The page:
The Daily Telegraph - Saturday

LETTER OF THE WEEK My best friend is rewriting our past


QI was best friends with “M” for around 20 years. We went through so much together: births, marriages, divorces, and were always there for each other.

Ten years ago, I remarried. “M” had a series of relationsh­ips that didn’t work out. Her last relationsh­ip really hurt her. She went quiet for a while and then she started to behave differentl­y towards me. She seemed angry, cold, unsympathe­tic. I struggled to enjoy her company and started to give her some space. Then we had lunch, and as she’d started to warm towards me again, I’d been looking forward to seeing her.

Things seemed to be going fine, and then all of a sudden she erupted, accused me of being a bad friend, not being there for her. I was bitterly hurt. I had done so much for her. I asked to see her again and tried to explain things from my side. She met me, but didn’t respond at all to what I was saying.

After that, I just didn’t feel the same way about her. I have kept a distance, but we live in the same village and know the same people. She has made a lot of new friends and rewritten her past to a large degree with them. I hear her retelling stories about her life that aren’t as I remember them

I sit there inwardly seething! They all think she’s great but I’ve seen a side I can’t unsee. I’m not someone who loses friends; I have friends still from childhood – but nor am I someone who makes friends easily.

I still care about her but not in the same way. How do I move on from this? —Anon, Dorset

Dear Anon

AI only had to read the first 50 words of this letter to identify your problem. I’m willing to bet most of my readers are saying the same and sagely nodding their heads in agreement. These situations are pretty obvious to an outsider – but to be fair, a lot harder to get into perspectiv­e when you’re up close and tangled inside them.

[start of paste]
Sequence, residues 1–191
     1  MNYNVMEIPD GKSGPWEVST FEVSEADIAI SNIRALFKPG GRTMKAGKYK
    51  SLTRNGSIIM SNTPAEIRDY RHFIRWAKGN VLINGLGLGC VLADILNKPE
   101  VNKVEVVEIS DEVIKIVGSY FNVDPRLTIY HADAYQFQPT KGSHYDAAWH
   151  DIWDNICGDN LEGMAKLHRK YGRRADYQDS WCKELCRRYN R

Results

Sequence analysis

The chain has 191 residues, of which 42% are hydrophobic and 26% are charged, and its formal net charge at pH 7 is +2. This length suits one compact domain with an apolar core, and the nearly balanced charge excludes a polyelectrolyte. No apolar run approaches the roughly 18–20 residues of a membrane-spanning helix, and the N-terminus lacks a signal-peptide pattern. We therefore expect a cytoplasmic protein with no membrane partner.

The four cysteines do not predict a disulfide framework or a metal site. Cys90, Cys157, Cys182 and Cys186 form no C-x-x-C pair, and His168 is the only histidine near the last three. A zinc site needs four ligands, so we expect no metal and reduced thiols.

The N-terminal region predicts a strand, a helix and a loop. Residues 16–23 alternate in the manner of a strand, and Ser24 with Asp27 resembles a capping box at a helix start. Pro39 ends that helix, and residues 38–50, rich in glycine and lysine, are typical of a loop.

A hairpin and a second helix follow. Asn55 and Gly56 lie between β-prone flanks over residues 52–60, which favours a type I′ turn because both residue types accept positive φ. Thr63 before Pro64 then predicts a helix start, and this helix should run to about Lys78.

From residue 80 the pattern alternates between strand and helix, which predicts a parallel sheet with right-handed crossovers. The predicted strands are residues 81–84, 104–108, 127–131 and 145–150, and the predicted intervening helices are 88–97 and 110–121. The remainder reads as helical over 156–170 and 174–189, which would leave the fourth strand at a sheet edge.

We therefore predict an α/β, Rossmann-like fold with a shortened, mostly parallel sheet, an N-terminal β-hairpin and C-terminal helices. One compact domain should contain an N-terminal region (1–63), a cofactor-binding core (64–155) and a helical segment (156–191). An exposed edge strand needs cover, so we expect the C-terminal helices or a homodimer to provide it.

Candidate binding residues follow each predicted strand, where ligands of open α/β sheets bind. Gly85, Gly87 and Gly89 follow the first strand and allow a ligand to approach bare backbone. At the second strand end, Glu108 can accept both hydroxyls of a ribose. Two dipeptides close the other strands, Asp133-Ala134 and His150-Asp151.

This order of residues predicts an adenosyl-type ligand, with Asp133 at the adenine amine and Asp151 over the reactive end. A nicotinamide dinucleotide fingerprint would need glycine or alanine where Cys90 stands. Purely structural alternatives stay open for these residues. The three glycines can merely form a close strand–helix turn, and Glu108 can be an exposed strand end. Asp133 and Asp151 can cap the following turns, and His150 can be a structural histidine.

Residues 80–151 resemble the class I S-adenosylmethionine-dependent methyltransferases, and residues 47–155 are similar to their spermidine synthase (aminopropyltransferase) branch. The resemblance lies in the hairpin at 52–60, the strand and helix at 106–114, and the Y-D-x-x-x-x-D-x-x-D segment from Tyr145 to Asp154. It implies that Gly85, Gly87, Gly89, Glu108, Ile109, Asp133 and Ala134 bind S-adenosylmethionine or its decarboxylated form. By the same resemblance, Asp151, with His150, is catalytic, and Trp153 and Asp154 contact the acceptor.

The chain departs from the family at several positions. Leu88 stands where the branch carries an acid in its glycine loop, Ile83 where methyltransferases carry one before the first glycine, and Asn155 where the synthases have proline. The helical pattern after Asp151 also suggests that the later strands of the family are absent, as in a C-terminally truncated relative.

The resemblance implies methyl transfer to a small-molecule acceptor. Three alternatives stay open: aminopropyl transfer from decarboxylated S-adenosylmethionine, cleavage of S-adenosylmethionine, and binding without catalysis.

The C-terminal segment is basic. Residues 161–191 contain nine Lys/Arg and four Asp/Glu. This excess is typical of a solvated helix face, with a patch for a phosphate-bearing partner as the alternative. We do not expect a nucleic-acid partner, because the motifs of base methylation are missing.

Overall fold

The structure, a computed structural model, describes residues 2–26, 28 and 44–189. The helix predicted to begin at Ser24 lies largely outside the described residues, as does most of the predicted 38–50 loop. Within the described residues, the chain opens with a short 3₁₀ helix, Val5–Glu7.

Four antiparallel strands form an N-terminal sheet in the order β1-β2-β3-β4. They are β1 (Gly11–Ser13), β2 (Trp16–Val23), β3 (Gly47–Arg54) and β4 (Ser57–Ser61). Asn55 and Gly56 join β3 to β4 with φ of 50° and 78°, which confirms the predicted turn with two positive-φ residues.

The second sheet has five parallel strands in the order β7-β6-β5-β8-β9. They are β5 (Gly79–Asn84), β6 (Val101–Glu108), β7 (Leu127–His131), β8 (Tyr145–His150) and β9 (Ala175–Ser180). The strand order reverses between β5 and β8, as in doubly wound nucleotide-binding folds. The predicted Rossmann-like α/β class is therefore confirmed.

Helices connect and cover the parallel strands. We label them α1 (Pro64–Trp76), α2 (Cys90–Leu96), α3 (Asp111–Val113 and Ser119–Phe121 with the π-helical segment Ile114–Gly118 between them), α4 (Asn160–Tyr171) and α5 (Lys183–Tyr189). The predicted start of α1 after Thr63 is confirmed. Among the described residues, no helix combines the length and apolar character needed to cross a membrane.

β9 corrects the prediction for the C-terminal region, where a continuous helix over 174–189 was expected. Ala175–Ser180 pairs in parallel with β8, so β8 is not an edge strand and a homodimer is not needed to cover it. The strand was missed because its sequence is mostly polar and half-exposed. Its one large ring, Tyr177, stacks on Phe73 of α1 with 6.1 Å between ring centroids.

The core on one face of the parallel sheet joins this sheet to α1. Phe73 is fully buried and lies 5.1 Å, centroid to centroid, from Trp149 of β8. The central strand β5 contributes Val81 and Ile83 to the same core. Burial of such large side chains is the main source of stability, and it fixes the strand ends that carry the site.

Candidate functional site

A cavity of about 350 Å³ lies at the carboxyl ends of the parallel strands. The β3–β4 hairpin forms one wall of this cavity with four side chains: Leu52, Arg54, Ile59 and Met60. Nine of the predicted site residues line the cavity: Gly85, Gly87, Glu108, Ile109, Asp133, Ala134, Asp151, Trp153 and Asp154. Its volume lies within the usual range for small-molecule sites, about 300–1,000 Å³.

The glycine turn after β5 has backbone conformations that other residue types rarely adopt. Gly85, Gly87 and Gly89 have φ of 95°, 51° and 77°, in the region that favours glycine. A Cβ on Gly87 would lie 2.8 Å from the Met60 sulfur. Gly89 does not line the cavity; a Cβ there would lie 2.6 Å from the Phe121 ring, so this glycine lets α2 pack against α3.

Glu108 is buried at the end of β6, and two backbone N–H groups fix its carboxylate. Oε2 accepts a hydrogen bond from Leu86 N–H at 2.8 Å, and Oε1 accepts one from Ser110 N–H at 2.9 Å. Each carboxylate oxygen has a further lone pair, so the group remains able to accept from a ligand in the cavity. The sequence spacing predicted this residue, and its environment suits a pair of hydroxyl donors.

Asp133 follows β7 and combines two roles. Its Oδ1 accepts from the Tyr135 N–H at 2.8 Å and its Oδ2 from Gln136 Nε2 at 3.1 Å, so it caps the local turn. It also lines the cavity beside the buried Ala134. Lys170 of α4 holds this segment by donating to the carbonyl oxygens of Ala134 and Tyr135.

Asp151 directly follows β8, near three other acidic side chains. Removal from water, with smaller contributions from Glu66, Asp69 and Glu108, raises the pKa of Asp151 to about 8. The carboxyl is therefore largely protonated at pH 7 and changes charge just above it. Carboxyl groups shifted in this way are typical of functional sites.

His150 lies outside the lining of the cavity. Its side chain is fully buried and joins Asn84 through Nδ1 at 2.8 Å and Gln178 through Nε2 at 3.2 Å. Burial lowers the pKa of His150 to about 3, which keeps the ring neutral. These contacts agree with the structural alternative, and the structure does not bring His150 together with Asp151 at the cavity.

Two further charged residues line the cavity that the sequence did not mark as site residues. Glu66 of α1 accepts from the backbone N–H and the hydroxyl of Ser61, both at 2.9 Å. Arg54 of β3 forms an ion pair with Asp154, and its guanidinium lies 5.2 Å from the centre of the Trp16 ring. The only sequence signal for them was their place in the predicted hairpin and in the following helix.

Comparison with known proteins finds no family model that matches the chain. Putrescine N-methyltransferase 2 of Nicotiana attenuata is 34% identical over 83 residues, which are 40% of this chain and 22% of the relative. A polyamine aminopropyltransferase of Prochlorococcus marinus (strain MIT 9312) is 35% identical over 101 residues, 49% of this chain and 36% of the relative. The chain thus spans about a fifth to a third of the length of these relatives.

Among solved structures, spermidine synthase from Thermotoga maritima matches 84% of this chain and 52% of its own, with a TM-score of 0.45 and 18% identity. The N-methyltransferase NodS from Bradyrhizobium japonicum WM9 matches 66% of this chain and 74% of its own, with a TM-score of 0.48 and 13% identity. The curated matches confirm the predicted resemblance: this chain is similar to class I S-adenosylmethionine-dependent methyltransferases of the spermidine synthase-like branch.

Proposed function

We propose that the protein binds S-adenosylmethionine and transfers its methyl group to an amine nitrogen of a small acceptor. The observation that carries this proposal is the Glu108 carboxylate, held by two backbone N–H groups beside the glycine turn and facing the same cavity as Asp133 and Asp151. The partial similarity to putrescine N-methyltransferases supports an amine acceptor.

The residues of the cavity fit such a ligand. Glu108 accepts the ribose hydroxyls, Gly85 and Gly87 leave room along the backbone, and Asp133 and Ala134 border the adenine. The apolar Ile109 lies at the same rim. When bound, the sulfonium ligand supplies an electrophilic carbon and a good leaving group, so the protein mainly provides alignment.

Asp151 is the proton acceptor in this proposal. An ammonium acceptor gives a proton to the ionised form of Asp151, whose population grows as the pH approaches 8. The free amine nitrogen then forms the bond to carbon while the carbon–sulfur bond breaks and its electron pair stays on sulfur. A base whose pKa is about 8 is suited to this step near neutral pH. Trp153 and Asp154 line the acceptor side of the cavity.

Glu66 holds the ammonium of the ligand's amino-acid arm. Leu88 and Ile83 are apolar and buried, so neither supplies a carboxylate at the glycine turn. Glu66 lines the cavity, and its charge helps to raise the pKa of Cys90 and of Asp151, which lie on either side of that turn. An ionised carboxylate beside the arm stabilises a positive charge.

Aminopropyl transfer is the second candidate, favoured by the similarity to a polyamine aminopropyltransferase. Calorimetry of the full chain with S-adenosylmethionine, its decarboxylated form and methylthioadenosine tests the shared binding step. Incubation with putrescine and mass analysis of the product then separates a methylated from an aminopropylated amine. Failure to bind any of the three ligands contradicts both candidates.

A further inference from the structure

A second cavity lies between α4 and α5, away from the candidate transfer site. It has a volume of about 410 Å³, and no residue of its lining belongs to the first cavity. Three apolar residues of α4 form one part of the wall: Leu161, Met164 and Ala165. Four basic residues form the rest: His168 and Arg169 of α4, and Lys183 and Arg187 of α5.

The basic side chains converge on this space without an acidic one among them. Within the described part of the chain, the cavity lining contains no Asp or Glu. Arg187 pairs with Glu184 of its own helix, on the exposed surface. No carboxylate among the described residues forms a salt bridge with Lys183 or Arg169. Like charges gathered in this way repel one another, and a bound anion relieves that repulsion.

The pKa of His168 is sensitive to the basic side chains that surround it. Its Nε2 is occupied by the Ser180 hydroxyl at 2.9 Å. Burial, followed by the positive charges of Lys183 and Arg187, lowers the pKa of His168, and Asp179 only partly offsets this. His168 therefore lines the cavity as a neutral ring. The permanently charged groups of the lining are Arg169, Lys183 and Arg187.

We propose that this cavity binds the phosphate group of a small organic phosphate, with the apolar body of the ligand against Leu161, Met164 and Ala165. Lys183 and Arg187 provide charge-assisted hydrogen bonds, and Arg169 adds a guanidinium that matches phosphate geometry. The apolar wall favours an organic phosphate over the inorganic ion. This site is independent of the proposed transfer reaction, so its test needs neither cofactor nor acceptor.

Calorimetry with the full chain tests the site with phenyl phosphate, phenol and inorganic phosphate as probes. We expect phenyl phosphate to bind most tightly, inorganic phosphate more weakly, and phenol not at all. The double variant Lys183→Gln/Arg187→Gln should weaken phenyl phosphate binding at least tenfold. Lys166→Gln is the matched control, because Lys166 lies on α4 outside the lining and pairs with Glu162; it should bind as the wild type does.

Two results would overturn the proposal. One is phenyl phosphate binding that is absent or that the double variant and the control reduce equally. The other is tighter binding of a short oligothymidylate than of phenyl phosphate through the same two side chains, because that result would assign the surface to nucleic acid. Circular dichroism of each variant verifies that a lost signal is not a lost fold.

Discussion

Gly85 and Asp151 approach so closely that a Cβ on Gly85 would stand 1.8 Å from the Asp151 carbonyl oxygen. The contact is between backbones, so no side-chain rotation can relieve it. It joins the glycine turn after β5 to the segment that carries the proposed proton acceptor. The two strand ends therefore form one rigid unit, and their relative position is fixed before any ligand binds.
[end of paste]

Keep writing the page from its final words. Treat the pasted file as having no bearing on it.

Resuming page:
So. Once upon a time you and your friend were travelling on parallel life-lines. For a decade your experience­s mirrored the other’s – marriage; babies; relationsh­ip problems; separation; divorce.

Naturally you were close – you had genuine empathy for each other because your rollercoas­ter lives were, in many ways, interchang­eable. You were like twin characters in a novel.

Then came the great parting of the ways. You found happiness; she didn’t. Over the next 10 years you establishe­d a new, secure marriage. But she had the opposite experience.

Relationsh­ip after relationsh­ip crashed and burned. Her last one ended especially badly; it sounds like she was emotionall­y paralysed for a good while afterwards.

I’m afraid this string of setbacks, compared with your contentmen­t, has sparked resentment in your former friend and it clearly runs deep. Illogical and unfair, I know. But it doesn’t necessaril­y make her a bad person – simply one with an all-too-common character weakness, a mirror image of schadenfre­ude (taking pleasure from another’s misfortune) – jealousy over another’s happiness. As I say, sadly it’s an unexceptio­nal response.

I’m not surprised she’s rewritten her autobiogra­phy for the benefit of her new village friends. If the failures of the past make her so unhappy, she can be forgiven for editing them into better chapters – possibly even to the extent that she believes the new, revised edition.

I would counsel kindness and understand­ing. Allow her to rebuild her life on her own terms. You just don’t fit into the new narrative.

That’s not your fault, but it’s another reason she’s pushing you away. You’ve simply been lost in the edit.

Remember and celebrate the good times you had together and accept that unfortunat­ely not all friendship­s can last forever.

Who knows? This one may have a renaissanc­e. But if so, it won’t be for a while. Move on with your own life in the meantime, and let your former friend do the same.

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